We have here developed an automated procedure for characterizing complex phenotypes from images. We believe that this method, or related methods, could be of use in many systems where images are available for complex phenotypes. Automated extraction of phenotypic descriptors reduces the subjective biases that may occur when measurements are taken manually and allows for reproducibility of results. While other biases may be introduced through the choice of an image capturing system, lighting conditions and/or choice of descriptors, we believe these to be easier to identify and overcome. We note that such image analyses open up the possibility for a variety of statistical analyses of phenotypes, and their correlations, not pursued here. In this paper, we use the image analyses to define a quantitative measure of the mimetic phenotype in a transition zone between morphs of *R. imitator*. Using a new method for estimating the effective number of genes affecting this phenotype, we show that the phenotype we measure is likely to be controlled by one or two, or at most three, genes of major effect, and is very unlikely to be affected by many major effect genes. However, there could be substantial phenotypic variation controlled by other genes, but not captured by our quantitative measure of mimetic phenotype.

The fact that we have identified a measure of mimetic phenotype that is controlled by a few genes suggests that future studies aimed at mapping this phenotype have a relatively high probability of succeeding. It is substantially easier to map the genes underlying a phenotype controlled by just one or a few genes, than a phenotype controlled by many genes. The phenotype defined here would be useful for such mapping studies.

We can compare our results with *Heliconius* butterflies where the genetic basis of Müllerian mimicry is better understood. In *Heliconius erato*, the transition between the ‘postman’ and the ‘rayed’ morphs in the well-studied hybrid zone near Tarapoto, Peru is controlled by three loci of major effect, whereas in the co-mimetic *Heliconius melpomene*, the same mimetic shift (postman to rayed) is controlled by five loci [44]. In another example, the polymorphism in *Heliconius cydno alithea* in western Ecuador is controlled by two unlinked loci, one that controls colour (white/yellow) and one that controls pattern (presence/absence of melanin in a specific region of the forewing) [45]. In poison frogs, the genetic basis of colour variation is less well understood. Early crossing studies in *Oophaga pumilio* [46] suggested that pattern is probably controlled by a single locus with a dominant melanin-producing allele, whereas colour may be polygenic or controlled by a single locus with incomplete dominance. However, unlike *O. pumilio*, in which a major axis of variation in pattern is presence/absence of melanin, all known populations of *R. imitator* possess melanin on the dorsum, legs and venter. Thus, a more relevant task in the *R. imitator* system would be identifying the gene or genes that influence the spatial distribution of melanin rather than its presence or absence. Finally, in a field pedigree study [47], it was suggested that the red/yellow polymorphism in a population of *O. pumilio* was controlled by a single locus where red coloration was completely dominant over yellow. Thus, our estimates of one to three genes controlling the mimetic phenotype of *R. imitator* are fairly comparable to other systems.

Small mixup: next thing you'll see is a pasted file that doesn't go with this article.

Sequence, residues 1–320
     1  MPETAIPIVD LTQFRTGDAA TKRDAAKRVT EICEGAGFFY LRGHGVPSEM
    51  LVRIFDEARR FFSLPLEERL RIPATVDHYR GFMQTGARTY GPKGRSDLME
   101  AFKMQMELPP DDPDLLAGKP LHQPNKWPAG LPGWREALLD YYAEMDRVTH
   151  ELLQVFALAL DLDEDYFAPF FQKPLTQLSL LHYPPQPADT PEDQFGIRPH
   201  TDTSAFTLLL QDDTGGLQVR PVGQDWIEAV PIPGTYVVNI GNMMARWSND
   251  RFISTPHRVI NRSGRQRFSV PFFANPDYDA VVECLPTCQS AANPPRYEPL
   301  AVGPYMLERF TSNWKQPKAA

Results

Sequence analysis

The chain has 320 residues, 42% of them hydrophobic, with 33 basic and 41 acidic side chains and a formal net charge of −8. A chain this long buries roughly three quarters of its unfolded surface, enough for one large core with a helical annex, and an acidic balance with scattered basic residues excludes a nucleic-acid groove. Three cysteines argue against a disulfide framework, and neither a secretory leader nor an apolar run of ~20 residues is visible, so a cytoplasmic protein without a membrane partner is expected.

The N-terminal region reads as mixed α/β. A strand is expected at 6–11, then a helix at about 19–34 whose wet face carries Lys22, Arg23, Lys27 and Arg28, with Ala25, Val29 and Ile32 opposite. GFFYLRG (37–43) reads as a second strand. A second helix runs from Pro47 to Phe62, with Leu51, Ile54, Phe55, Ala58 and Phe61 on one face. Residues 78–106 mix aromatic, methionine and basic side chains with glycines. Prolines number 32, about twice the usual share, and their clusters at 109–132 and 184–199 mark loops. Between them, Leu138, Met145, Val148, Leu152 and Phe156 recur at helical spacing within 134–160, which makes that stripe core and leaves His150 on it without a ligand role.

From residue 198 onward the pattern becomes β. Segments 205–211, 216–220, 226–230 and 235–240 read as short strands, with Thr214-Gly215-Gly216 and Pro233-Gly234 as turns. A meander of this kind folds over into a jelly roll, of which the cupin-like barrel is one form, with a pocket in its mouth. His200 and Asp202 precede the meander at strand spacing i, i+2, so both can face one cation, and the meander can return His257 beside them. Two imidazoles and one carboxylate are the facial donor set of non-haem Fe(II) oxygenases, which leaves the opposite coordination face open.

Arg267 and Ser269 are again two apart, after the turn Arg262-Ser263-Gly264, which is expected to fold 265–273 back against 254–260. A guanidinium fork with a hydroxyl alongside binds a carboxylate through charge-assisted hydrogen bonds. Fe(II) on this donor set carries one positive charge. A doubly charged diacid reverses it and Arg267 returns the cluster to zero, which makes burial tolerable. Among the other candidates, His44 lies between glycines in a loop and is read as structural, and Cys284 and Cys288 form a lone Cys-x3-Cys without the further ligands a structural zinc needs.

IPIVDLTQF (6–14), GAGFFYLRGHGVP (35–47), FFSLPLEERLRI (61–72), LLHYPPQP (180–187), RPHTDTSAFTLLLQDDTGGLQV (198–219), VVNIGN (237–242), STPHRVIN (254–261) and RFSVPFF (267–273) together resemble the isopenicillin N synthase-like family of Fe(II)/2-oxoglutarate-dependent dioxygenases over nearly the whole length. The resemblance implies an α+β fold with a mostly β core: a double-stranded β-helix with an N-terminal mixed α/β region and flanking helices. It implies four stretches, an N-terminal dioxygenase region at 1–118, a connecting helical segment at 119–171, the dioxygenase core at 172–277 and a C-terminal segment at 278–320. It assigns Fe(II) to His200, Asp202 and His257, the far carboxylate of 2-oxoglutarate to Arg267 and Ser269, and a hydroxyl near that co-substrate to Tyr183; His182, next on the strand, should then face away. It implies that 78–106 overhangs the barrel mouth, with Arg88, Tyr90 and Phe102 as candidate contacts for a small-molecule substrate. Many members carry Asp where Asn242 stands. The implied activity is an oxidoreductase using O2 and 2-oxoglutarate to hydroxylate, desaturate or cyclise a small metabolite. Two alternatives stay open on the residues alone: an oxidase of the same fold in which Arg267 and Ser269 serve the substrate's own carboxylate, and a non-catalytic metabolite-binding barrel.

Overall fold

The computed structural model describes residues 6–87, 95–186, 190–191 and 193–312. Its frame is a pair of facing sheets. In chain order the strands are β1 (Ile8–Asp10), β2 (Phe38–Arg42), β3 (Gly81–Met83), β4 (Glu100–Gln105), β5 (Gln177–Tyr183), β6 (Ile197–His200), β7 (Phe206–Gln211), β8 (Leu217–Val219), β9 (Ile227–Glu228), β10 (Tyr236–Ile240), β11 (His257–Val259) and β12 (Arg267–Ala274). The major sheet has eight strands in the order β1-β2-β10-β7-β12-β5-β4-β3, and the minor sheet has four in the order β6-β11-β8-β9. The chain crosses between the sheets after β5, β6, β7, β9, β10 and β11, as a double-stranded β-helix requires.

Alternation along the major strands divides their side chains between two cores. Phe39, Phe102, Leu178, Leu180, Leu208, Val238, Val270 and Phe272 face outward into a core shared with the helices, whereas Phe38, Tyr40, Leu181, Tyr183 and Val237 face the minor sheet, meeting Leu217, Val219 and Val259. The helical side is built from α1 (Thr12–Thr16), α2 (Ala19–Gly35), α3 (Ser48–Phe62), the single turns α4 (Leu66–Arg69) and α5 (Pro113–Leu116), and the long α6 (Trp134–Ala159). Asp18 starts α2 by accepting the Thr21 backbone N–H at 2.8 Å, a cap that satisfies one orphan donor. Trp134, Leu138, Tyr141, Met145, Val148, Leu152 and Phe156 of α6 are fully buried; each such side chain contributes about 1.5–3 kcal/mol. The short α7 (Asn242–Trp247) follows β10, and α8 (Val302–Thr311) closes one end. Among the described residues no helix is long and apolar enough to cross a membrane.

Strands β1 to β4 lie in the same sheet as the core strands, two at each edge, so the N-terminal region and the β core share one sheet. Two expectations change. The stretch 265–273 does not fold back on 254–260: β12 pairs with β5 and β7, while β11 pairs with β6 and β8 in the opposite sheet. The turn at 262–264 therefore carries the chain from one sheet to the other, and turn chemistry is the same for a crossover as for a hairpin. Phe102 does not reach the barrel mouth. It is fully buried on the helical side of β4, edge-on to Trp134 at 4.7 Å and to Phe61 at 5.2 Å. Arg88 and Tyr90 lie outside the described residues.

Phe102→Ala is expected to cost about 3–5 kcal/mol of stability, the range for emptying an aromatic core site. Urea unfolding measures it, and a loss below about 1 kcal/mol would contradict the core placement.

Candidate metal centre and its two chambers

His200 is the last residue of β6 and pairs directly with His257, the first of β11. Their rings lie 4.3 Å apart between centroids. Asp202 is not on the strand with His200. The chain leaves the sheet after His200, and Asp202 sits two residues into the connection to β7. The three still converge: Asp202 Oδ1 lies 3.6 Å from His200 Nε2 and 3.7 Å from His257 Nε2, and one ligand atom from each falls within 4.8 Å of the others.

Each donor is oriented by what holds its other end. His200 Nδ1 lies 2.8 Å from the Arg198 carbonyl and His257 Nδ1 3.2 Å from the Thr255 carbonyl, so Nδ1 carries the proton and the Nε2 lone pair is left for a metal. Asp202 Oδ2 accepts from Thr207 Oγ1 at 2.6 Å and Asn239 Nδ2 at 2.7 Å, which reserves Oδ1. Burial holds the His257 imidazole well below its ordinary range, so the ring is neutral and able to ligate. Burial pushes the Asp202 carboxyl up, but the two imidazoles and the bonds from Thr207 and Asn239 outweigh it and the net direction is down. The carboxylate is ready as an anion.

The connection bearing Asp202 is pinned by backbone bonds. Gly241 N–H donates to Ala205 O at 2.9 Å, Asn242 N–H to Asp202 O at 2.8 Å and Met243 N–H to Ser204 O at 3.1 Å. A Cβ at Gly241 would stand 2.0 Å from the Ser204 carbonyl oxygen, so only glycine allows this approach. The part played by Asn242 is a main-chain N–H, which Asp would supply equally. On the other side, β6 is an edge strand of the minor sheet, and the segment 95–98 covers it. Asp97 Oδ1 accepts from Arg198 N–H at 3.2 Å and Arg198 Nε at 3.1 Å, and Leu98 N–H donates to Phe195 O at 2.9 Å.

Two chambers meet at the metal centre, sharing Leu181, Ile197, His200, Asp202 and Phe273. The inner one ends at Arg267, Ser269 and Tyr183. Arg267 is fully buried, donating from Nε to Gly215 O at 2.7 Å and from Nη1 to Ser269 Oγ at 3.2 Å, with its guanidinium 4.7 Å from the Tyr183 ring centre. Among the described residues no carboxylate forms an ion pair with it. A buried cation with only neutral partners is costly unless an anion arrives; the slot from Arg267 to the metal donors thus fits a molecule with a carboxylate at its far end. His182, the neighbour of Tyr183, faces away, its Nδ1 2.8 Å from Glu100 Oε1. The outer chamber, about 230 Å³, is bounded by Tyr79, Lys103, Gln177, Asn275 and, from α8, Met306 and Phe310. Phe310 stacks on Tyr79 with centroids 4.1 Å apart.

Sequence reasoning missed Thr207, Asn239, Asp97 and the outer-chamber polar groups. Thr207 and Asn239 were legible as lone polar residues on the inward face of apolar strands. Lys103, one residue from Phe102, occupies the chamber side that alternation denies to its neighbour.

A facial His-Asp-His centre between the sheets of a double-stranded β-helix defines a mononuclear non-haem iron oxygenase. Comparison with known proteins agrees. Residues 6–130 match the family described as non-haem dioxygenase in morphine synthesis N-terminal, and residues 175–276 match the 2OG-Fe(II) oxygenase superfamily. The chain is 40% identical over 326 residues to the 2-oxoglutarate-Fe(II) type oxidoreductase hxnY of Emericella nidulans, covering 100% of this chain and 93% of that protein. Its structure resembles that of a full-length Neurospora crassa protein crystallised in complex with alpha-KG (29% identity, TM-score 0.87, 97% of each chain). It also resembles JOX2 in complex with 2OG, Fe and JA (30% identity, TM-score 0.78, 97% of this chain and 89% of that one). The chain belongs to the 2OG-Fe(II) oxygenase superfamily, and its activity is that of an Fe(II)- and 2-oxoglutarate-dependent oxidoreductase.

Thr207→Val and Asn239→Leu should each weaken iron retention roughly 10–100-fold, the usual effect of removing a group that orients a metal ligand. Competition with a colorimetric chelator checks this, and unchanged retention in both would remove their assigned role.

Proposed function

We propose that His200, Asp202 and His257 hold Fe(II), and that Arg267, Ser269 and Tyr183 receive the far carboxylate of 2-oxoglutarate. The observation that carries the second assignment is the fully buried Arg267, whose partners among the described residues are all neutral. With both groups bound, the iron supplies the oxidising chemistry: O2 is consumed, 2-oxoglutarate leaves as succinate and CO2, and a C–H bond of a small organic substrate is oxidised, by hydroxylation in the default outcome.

The method we have developed for identifying the number of genes controlling a phenotype obtains its information from the degree of clustering of phenotypes and from the dependence of variance in the phenotype on the admixture fraction. It can, as illustrated here, be used to distinguish between one, two or several genes, but is not expected to perform well in estimating the exact number of genes, when many genes are involved. In the presence of many genes, the information regarding clustering of phenotypes is lost. We note that the method can be sensitive to the precision in the estimate of the admixture fraction, and results of the method should be interpreted accordingly. Implementations of the presented methods are publicly available at https://github.com/schackv.

## Ethics statement

All research was conducted following an animal use protocol approved by the Animal Care and Use Committee of East Carolina University.

## Funding statement

Field research and collections were supported by an NSF DDIG (1210313) grant awarded to E.T. and K.S., and a National Geographic Society grant awarded to K.S. (8751-10).

## Acknowledgements

Research permits were obtained from the Ministry of Natural Resources (DGFFS) in Lima, Peru (authorizations no. 050-2006-INRENA-IFFS-DCB, no. 067-2007-INRENA-IFFS-DCB, no. 005-2008- INRENA-IFFS-DCB). Tissue exports were authorized under Contrato de Acceso Marco a Recursos Geneticos no. 0009-2013-MINAGRI-DGFFS/DGEFFS, with CITES permit number 003302.

- Received August 7, 2014.
- Accepted March 26, 2015.

- © 2015 The Author(s) Published by the Royal Society. All rights reserved.